As the world’s population grows and urbanization increases, so do pressures on limited natural resources. Arup’s sustainable solutions help clients reuse, recycle or recover valuable materials from waste, reducing dependence on raw material extraction and fostering a more circular economy.
Throughout most of human history, the amount of waste produced was minimal. Pre-industrial societies generated ashes and biodegradable organic material, which were released into the soil with little impact. In addition, the raw materials needed for tools were either gathered locally or passed from one generation to the next. In the 19th century, industrialization increased the production of both solid and liquid wastes. This led to the need for better waste management and disposal practices.
In recent times, many communities have started to view their waste as a resource rather than something that must be sent to landfills. For example, many items discarded contain valuable metals that can be recycled to create new products. Paper products can be turned into mulch or even woodchips that are used in horticulture and other commercial applications. The nutrient rich organic material contained in human excreta is also a useful resource when it is separated from urine and feces (known as ecological sanitation) and used to produce compost or energy through anaerobic digestion.
Many countries and cities have implemented recycling programs and other waste management strategies to take advantage of the potential of these waste streams. , for instance, uses state-of-the-art waste-to-energy facilities to convert its municipal solid waste into electricity and heat. This method of waste management reduces the amount of fossil fuel that is used and helps to prevent environmental damage.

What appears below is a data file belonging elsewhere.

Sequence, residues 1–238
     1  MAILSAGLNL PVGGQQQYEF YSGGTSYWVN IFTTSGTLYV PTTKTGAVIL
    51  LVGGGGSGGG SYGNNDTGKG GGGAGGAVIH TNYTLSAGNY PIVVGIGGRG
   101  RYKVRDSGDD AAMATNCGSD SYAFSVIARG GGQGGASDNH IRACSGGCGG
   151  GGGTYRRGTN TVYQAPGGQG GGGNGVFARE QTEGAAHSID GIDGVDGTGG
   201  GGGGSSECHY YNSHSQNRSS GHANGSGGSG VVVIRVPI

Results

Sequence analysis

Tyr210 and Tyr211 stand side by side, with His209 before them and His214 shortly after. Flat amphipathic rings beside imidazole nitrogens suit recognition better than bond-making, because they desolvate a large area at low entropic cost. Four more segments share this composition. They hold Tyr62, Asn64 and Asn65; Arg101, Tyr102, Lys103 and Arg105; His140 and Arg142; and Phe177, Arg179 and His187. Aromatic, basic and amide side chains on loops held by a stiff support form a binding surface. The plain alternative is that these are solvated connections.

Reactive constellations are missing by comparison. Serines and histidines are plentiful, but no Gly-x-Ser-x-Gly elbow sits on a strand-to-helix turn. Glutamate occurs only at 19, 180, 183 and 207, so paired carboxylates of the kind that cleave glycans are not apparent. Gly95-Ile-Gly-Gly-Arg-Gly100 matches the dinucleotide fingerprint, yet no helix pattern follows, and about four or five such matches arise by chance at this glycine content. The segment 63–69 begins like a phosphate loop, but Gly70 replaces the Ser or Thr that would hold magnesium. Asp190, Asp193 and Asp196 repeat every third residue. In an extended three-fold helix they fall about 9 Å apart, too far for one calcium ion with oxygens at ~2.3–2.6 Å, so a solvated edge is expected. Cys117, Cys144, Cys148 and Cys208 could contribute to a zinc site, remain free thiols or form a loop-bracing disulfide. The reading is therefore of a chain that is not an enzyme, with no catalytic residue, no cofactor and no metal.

In the past, before cities instituted garbage collection and landfills were closed to the public, many people made a living by sorting through open dumps, separating usable items from unwanted trash and collecting scrap metal. Once economics joined environmentalism, however, these individuals were replaced by companies that specialized in waste recovery. Today, these companies collect everything from old refrigerators to discarded clothing and scrap metal to use as raw materials in the manufacture of new products.
Waste-to-energy is another way that the discarded waste we produce can be put to use. This energy-from-waste method turns non-recyclable waste into heat and electricity. WtE can be achieved either through direct combustion using waste incinerators or by producing a combustible fuel from waste using processes like anaerobic digestion and plasma gasification.
The most common WtE system is the mass-burn system, in which unprocessed MSW is dumped into a large incinerator and burned to generate electricity (see image below). The energy generated from burning waste is used to boil water, which then turns into steam and drives turbines that create electricity. In addition, the hot steam can also be used for heating purposes.
This system is incredibly energy efficient, as compared to landfills and other forms of MSW disposal. However, the energy efficiency of this type of system can be offset by the environmental costs associated with burning waste. One of the major drawbacks to this waste-to-energy approach is that the burning of trash emits carbon dioxide, a greenhouse gas that contributes to climate change. This is a problem that has been well-documented, and it’s why responsible waste management plans are now looking toward zero-waste efforts and more sustainable energy sources to power our world.
Another issue with this process is that it doesn’t recover valuable resources from the waste. For example, metals are often left behind in the combustion process, which can be a big disadvantage if the goal is to reduce waste and protect our planet. It would be much better if those metals could be recycled instead of being lost to the abyss in an incinerator.
The bottom line is that reducing the amount of trash we produce is always preferred to disposal methods that don’t give back to our environment or community. We can all help by refusing single-use plastics and excessive packaging, maximizing reuse, recycling as much as possible, and supporting local, zero-waste businesses. If we can keep our waste to a minimum, the world will be a safer place for everyone. Thanks for reading, and keep up the good work!